Cyclone Cook is expected to bring heavy rain and gusts of up to 140km/h as it moves south overnight, MetService says.
And a random selection of forecasts for South Island towns and cities for the rest of the Easter holiday weekend:
Motueka: Friday is yucky. Rain with heavy falls first up, coupled with a northerly. Saturday, Sunday and Monday have a combination of showers and sun. Temperatures hover around 20 degrees.
Westport (great place, you should visit): Those who enjoy rain will be in their element on Friday and Saturday. It will be a paradise for you. Sunday and Monday bring the much more boring sun and a comfortable 18/19 degrees.
Christchurch: Unpleasant rain and wind Friday morning but the sun pops its smiley face out in the afternoon. Saturday is a balmy 22 degrees, while Sunday and Monday get chilly thanks to a southerly change.
Queenstown: Rain on Friday. Saturday, Sunday and Monday get sun.
Given it is the Easter holiday weekend, below is a quick round-up of the weather in some randomly selected NZ towns and cities (The North Island to start):
Auckland: Friday, fine apart from a few showers, strong wind, 22 degrees. Saturday: Occasional showers, clearing to fine in the afternoon, less wind, 21 degrees. Sunday and Monday, repeat and rinse lightly with some showers.
Taupo: Some showers each day. Temperatures between 17 and 19 degrees.
New Plymouth: Pretty much the same as Taupo.
Napier: Pretty damn nice. Sunny, and 24 degrees Friday and Saturday. Sunday is 22 degrees and Monday some showers, 20 degrees.
Wellington: Ugly Friday – gales easing through the morning. Quite a bit of rain. Saturday a few showers in the morning but long sunny spells in the arvo take the temperature to 18 degrees. Sunday and Monday showers.
So, below is a graph of the web traffic on rnz.co.nz comparing most of Thursday (the blue line) with Wednesday (the orange). What you see is how interested people have been in the Cyclone. You also see quite the dip around midday – when our servers decided they weren’t into it at all:
In other news, a small quake in north Canterbury:
There continue to be many reports of trees down and damage, particularly in the Bay of Plenty and Hawke’s Bay but we won’t have the full picture to first light.
And the latest satellite image from the MetService. The picture is getting brighter, if you can say that of a black and white picture when it’s dark outside:
This weather-related track comes from the deep memory of my colleague Edward Gay, who is working overnight in our Auckland office. Warning: It is loud and will wake you, and anyone within a kilometre or two up if you don’t have the headphones on. It’s a gale, weather pun, boom, of guitars:
A quick re-cap of where things are at:
Cyclone Cook swept south through Bay of Plenty and Hawke’s Bay on Thursday, triggering evacuations and cutting power to thousands.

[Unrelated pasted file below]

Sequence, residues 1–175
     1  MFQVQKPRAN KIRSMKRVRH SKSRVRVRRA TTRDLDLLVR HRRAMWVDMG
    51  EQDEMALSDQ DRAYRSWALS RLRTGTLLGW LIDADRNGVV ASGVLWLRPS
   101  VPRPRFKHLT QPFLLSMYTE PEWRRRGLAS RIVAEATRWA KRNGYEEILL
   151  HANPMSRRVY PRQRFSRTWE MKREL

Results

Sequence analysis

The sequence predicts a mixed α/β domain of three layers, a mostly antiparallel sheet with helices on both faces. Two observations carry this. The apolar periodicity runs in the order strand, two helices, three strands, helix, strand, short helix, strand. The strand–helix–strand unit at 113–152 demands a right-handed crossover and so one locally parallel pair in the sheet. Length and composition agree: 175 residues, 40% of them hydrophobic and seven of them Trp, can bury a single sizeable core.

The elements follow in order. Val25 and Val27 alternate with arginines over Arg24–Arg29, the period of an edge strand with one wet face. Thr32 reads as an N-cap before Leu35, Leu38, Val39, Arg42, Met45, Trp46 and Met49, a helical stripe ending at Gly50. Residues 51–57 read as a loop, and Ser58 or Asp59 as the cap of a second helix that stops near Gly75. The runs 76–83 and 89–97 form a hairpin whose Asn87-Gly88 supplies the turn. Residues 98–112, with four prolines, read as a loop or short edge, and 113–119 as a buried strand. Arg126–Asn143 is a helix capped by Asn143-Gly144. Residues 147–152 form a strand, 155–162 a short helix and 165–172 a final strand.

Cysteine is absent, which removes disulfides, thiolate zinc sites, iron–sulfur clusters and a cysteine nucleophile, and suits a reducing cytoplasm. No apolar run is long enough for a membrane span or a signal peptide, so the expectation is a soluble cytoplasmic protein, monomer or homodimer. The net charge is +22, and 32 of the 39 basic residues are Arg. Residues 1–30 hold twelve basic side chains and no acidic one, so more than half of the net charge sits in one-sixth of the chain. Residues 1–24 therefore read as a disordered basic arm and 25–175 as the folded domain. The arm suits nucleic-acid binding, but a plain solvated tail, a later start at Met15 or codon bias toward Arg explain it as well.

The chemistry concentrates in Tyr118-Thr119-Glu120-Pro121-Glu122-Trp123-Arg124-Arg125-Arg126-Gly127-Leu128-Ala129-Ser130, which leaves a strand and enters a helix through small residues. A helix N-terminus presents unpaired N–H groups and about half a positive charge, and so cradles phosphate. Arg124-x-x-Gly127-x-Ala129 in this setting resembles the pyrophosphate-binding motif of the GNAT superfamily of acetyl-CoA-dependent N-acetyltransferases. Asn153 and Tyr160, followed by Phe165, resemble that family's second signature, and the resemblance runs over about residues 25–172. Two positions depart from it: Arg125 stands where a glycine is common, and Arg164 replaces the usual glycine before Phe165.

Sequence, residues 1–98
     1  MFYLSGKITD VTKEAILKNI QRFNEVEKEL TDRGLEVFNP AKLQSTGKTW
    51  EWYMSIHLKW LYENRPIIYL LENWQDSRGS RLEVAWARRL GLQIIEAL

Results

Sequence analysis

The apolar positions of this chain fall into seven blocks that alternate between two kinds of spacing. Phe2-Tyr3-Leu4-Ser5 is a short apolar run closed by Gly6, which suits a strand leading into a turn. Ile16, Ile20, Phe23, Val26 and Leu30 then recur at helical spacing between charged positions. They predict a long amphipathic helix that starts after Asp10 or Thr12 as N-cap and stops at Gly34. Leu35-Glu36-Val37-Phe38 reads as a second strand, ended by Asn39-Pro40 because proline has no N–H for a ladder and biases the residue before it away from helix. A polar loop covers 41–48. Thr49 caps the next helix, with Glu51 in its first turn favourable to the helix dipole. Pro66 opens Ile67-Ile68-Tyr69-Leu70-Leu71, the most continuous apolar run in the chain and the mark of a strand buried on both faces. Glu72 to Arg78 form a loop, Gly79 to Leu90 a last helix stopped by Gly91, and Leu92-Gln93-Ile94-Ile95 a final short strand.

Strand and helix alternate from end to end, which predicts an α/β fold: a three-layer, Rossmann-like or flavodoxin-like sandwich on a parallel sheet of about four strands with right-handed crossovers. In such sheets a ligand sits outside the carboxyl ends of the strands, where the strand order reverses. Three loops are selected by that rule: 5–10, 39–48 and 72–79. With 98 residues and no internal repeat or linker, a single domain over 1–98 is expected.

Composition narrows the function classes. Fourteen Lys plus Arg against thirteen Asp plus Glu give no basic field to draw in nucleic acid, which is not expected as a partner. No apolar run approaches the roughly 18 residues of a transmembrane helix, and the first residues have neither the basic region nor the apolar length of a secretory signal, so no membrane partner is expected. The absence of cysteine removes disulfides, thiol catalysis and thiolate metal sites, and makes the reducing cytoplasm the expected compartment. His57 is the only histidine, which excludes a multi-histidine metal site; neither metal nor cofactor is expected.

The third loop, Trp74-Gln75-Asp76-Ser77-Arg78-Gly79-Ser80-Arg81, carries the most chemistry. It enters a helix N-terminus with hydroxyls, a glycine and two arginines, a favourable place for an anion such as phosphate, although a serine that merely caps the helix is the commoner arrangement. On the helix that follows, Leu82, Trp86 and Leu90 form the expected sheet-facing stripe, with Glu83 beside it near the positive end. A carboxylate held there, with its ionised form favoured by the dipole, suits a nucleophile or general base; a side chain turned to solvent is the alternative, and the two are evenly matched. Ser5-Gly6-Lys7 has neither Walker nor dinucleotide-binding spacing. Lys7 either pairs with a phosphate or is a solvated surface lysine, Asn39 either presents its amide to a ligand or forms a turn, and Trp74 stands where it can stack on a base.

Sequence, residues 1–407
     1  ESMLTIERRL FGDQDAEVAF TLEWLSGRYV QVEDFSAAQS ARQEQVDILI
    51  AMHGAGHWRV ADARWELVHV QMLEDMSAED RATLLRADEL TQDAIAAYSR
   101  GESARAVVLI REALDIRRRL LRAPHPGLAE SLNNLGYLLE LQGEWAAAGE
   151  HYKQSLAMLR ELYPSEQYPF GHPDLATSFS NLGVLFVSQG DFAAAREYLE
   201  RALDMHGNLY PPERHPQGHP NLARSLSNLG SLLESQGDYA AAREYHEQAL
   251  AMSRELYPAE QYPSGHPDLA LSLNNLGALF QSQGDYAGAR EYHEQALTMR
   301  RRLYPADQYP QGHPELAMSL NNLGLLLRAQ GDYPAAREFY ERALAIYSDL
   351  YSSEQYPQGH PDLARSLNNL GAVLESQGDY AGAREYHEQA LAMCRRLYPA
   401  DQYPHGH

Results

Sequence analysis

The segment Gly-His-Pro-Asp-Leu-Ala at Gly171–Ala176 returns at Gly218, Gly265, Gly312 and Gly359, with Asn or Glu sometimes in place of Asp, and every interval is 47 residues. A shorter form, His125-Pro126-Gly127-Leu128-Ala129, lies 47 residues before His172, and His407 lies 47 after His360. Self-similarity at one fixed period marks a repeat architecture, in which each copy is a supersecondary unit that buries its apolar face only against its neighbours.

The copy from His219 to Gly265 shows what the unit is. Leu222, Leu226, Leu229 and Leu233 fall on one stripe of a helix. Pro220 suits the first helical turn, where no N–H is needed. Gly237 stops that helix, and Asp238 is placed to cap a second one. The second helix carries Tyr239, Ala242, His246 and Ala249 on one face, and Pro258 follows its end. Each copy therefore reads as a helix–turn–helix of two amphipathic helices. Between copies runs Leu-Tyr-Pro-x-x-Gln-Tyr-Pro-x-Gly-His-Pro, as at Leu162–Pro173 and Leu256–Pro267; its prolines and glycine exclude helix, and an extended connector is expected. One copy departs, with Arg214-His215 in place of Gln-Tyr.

Many roads were blocked due to landslips and fallen trees and power poles.
MetService has lifted severe weather warnings for Auckland, the Coromandel Peninsula and Bay of Plenty but said gusts of up to 140km/h were still possible in Gisborne, Hawke’s Bay, Wairarapa and Wellington until early Friday morning.
More than 20,000 properties around Hawke’s Bay and Rotorua, according to Unison’s website, and about 1000 in the Gisborne area lost power due to high winds on Thursday.
Back to songs about the weather. Track two comes from Tokoroa born Jenny Morris. It is the perfectly titled Break in the Weather:
More than 100 people are bedding down at Whakatane’s Red Cross centre overnight, the last family arrived shortly before midnight.
Red Cross spokesperson Lauren Hayes says the Memorial Hall is sheltering 114 people tonight.
Those seeking shelter will also be offered a toothbrush, breakfast and a friendly chat.
“We’ve had one family that came in really late. They’d driven to Auckland and they were driving back, trying to get back to their home. They had a wee bubba in the car with them and they just couldn’t get through – they were going through all the back roads and they were closed. They finally pulled in here to the Whakatane centre and we managed to get them in and set them up with a bed for the night which I think they were quite glad about.”
Ms Hayes says people from as far away as Opotiki are bedding down in the hall tonight.
The Red Cross is asking for donations. All money will go to people in the Bay of Plenty affected by the recent floods.
The rain radar just after midnight is, well, er, wet:
If you’re sitting in the dark but still have your phone or laptop powered up and want to know what is happening with power outages head here: http://www.unison.co.nz/outages
It’s late so we can go slightly off-piste for a bit. Time for some songs about the weather. The first is for avid reader Carol. There are quite a few songs by NZ groups about the weather… it’s a surprise there aren’t more given how much of the rough stuff we get. Here’s perhaps the most famous: